3 players the Phoenix Suns wish they signed over Yuta Watanabe

The Phoenix Suns thought they were getting a bargain in Yuta Watanabe, but these three players would have been better fits on the team this season.

Dallas Mavericks v Phoenix Suns
Dallas Mavericks v Phoenix Suns / Christian Petersen/GettyImages
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The Phoenix Suns are in the process of turning their season around right now, and this has been achieved in large part thanks to finally getting their star players healthy. Kevin Durant, Devin Booker and Bradley Beal haven't played together very often this season but when they have, this team looks like a contender in the Western Conference.

Role players such as Eric Gordon, Grayson Allen and Jusuf Nurkic have certainly helped, and we now have enough evidence through games played to see which players signed this offseason have struggled to bring value to the end of the bench for the organization. Bol Bol being one example, although he had his moment in a recent win over the Portland Trail Blazers.

Looking at the most disappointing signings by the franchise this past offseason though, and Yuta Watanabe tops the list.

The Japanese sharpshooter has certainly provided more of a spark than Bol, but context is relevant here. The Suns signed players like Bol and even Chimezie Metu with a view to them maybe having a couple of moments during the regular season, before ultimately being shelved once the postseason began.

Watanabe and the 44.4 percent he shot from deep with the Brooklyn Nets last season however was viewed as a fantastic get by the front office, with his shooting the perfect compliment next to the "Big 3". Only that hasn't happened, with Watanabe languishing on the bench to the tune of 15.8 minutes per night. Which makes these three players better alternatives the team should have signed instead.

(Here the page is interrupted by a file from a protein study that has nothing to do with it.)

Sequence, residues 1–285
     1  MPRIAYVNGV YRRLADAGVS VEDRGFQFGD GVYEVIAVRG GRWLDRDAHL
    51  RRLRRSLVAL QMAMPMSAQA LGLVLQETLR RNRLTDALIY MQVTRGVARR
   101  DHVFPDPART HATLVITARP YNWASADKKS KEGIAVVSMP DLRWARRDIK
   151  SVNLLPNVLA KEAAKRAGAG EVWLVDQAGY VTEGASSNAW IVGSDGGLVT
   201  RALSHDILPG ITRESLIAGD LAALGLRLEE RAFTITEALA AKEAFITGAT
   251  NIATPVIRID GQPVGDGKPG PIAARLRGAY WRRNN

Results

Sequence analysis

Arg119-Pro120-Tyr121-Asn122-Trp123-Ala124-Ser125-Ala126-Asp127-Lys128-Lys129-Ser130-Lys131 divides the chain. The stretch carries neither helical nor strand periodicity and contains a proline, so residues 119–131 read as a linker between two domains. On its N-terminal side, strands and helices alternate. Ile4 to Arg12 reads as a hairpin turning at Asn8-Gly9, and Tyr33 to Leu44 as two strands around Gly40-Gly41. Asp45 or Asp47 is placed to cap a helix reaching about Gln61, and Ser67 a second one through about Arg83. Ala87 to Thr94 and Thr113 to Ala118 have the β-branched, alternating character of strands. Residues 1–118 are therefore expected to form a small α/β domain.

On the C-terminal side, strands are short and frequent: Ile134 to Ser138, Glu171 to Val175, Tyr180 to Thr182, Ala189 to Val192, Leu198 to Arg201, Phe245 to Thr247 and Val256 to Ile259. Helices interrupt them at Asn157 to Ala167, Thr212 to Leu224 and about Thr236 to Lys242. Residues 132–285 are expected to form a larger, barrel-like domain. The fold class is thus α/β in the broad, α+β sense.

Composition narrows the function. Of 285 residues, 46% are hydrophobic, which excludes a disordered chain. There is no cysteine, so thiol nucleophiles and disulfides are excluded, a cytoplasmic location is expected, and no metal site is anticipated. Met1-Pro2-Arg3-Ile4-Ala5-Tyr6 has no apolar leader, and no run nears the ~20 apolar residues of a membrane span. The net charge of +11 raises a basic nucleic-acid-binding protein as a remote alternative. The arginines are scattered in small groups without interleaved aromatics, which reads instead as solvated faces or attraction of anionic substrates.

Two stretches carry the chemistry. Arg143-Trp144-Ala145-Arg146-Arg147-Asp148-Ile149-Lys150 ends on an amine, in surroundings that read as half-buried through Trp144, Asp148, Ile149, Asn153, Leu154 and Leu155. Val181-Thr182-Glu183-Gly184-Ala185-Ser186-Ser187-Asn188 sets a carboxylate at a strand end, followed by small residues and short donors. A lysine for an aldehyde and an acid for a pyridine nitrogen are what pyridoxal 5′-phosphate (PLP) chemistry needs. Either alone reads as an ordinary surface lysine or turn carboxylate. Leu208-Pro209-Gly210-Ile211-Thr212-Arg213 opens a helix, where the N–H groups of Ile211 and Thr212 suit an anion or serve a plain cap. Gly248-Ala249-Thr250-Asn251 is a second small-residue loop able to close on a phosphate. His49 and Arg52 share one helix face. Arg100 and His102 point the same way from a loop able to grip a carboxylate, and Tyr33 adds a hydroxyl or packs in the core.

3. Andre Drummond

Signing Andre Drummond when he was just sitting there for anybody to get would have been a twofold problem-solver for the Suns. With Drew Eubanks having regressed massively from the promising stretches we saw earlier in the season, and Metu a fun, but limited, player, this team is light in depth at the center position.

Drummond is currently playing for the Chicago Bulls on the second-year of a two-year, $6.5 million deal. Watanabe is in the first of a two-year, $5 million contract, so making the numbers work wouldn't have been difficult. Neither would convincing Drummond not to pick up the second year of his current deal, which he had to do in order to return to the Bulls.

Having a player who is coming off the bench in Chicago and averaging 8.3 rebounds per game to back up Nurkic would have been nice, and it also would have freed the Suns up to go and get another shooter in place of Watanabe. If not that, then perhaps a veteran point guard who could run the show when Booker is out of the game.

The organization rightly put a lot of trust in Watanabe to fill several needs on this roster, and to this point he has failed to do so. Going and getting a dominant big man for the postseason run - while perhaps adding another player on the cheap as well - would have been a wiser direction for the team to go in hindsight.